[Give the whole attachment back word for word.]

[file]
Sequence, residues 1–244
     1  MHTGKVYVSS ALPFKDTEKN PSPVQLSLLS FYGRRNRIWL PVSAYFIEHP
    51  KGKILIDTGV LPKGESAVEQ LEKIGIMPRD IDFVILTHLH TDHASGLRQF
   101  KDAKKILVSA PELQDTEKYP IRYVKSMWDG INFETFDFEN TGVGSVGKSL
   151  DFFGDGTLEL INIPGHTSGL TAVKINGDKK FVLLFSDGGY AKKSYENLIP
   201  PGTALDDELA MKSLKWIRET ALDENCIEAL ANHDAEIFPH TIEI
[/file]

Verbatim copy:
Sequence, residues 1–244
     1  MHTGKVYVSS ALPFKDTEKN PSPVQLSLLS FYGRRNRIWL PVSAYFIEHP
    51  KGKILIDTGV LPKGESAVEQ LEKIGIMPRD IDFVILTHLH TDHASGLRQF
   101  KDAKKILVSA PELQDTEKYP IRYVKSMWDG INFETFDFEN TGVGSVGKSL
   151  DFFGDGTLEL INIPGHTSGL TAVKINGDKK FVLLFSDGGY AKKSYENLIP
   201  PGTALDDELA MKSLKWIRET ALDENCIEAL ANHDAEIFPH TIEI